President Obama, at a face-to-face meeting Tuesday with bipartisan congressional leaders, will have his first chance since his party's Election Day "shellacking" to reset relations with congressional Republicans and potentially crack the impasse over the Bush tax cuts.
The White House dialed down expectations ahead of the summit, which had been postponed from earlier this month. White House Press Secretary Robert Gibbs described the meeting, which could last an hour or more, as "the beginning of a conversation" and predicted participants would not emerge with a "full agreement" on the tax cuts.
But with the cuts set to expire at the end of the year unless Congress acts -- affecting just about every taxpaying American -- Gibbs said Obama "absolutely" does not want to see taxes rise for the middle class.
"And if others in Congress don't want to see that, then ... we're going to be forced to make a series of decisions that prevent that from happening. That's going to be the basis for and the beginning of those conversations starting tomorrow," Gibbs said.
The meeting will be the first post-election test of whether the White House and the incoming Republican House majority are able to find common ground on virtually anything.
Republicans and Democrats agree that taxes should not rise on the middle class -- the sticking point is whether the wealthy should be included in that extension. Republicans want the tax cuts extended for everybody. Democrats originally called for taxes to rise on those households making over $250,000 a year -- some Democrats have since started talking about increasing that salary threshold to $1 million a year.
Obama, who proposed a two-year federal pay freeze Monday, said that he hopes the sit-down Tuesday will mark "a first step toward a new and productive working relationship."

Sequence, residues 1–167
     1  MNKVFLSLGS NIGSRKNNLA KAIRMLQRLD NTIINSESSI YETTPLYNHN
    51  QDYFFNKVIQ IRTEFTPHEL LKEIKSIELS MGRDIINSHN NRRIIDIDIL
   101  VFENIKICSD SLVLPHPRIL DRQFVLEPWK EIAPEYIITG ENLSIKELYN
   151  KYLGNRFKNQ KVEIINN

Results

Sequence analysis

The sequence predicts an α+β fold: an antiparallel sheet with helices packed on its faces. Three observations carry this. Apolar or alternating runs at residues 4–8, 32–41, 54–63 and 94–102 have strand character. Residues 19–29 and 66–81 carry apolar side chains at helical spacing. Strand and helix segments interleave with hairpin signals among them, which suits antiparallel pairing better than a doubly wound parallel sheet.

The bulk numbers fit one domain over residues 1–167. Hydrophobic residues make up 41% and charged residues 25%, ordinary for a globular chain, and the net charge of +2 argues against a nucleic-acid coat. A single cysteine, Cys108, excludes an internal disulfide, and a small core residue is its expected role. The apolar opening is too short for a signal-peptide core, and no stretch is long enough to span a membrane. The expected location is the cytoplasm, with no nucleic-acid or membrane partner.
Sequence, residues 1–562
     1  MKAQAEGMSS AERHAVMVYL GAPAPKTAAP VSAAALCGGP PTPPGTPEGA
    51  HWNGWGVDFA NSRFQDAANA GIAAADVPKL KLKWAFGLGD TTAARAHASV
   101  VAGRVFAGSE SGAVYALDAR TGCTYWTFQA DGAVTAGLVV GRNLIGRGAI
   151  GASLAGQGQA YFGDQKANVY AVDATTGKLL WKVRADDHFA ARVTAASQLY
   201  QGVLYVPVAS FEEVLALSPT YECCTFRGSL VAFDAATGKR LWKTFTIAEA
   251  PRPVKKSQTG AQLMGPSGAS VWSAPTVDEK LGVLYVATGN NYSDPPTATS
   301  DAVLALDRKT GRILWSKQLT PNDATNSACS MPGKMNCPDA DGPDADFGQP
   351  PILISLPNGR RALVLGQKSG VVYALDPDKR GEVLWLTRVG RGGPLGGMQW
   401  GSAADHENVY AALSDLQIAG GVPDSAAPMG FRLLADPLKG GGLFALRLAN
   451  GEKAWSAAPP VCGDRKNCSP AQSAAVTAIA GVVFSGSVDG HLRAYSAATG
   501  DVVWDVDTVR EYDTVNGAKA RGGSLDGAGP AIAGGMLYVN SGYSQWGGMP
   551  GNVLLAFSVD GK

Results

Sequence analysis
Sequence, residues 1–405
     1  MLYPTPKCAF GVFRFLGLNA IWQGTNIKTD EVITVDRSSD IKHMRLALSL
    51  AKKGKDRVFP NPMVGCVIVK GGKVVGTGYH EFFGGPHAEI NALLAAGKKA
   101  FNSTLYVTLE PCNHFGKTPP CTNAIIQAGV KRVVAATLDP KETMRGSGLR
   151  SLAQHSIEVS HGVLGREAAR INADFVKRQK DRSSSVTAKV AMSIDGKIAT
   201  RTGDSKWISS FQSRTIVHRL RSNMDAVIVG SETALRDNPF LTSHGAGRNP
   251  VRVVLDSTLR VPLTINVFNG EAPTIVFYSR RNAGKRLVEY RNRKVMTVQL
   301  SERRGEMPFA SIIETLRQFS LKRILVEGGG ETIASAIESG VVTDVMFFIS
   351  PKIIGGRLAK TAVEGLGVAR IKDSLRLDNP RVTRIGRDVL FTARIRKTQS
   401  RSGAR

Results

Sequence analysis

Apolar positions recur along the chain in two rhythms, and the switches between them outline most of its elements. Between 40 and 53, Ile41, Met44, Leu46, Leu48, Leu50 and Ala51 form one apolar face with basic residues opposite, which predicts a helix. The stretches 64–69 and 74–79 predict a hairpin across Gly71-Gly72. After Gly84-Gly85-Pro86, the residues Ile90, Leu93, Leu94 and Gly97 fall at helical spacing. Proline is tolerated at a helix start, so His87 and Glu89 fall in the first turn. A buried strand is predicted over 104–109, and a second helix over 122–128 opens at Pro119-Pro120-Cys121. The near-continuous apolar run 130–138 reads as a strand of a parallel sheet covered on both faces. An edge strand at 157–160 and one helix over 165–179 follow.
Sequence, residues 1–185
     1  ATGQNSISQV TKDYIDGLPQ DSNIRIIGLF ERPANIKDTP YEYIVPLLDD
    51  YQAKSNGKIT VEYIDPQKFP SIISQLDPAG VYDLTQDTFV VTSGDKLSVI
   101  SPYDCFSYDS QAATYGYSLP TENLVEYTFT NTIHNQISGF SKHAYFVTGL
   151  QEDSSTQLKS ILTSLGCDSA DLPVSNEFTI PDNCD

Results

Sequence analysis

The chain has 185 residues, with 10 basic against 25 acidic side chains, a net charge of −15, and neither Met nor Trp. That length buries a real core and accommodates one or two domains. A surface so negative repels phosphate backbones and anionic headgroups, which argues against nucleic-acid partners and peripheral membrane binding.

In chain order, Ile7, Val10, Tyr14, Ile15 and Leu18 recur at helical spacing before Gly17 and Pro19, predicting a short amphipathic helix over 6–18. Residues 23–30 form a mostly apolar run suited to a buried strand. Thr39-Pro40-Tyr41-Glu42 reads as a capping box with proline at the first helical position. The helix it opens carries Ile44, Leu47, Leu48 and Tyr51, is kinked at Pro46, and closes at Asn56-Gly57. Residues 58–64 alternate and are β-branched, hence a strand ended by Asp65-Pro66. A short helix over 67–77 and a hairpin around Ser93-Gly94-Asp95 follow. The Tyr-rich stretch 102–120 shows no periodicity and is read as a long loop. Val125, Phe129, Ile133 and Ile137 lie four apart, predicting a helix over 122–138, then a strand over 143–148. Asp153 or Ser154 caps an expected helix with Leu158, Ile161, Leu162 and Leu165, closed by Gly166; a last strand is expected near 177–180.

But the White House did not prescribe a compromise Monday, and top Republicans so far have shown little sign of budging.
The official blog for House Republican Leader John Boehner, in line to be the next speaker of the House, slammed Democrats on Monday following reports that they were standing by a partial tax increase.
"All this dithering and doubling-down only validates the American people's repudiation of Washington and politicians who refuse to listen," the blog said, urging Congress to "stop all the tax hikes and start cutting spending."
As for the possibility of only raising taxes on those making above $1 million, Senate Republican Leader Mitch McConnell said in a written statement to The Washington Post that any tax increase is a "horrible idea."
Still, he said, "it's not too late for both parties to work together." Some have said a temporary extension for the wealthy is possible.
Despite the drama over the tax cuts, the agenda for the lame-duck session of Congress is much broader. Gibbs said the ratification of the arms reduction treaty with Russia known as START is the other top item on the table for Tuesday's meeting.
And Congress is tasked with belatedly approving the fiscal 2011 budget or face a shutdown, and it must decide whether to extend long-term jobless benefits and repeal the military's "don't ask, don't tell" policy banning gays from serving openly in the military. Democrats also want to push a bill that would give some young illegal immigrants a path to legal residency provided they attend college or join the military.
Democratic strategist Joe Trippi said the tax cuts debate could easily become a "game of chicken" between the two parties. He predicted that Congress would ultimately extend the tax rates for the middle class, but questioned whether the critical debate over the burden on the wealthy would spill into next year.
"Hopefully, tomorrow's meeting will come to some agreement," he said.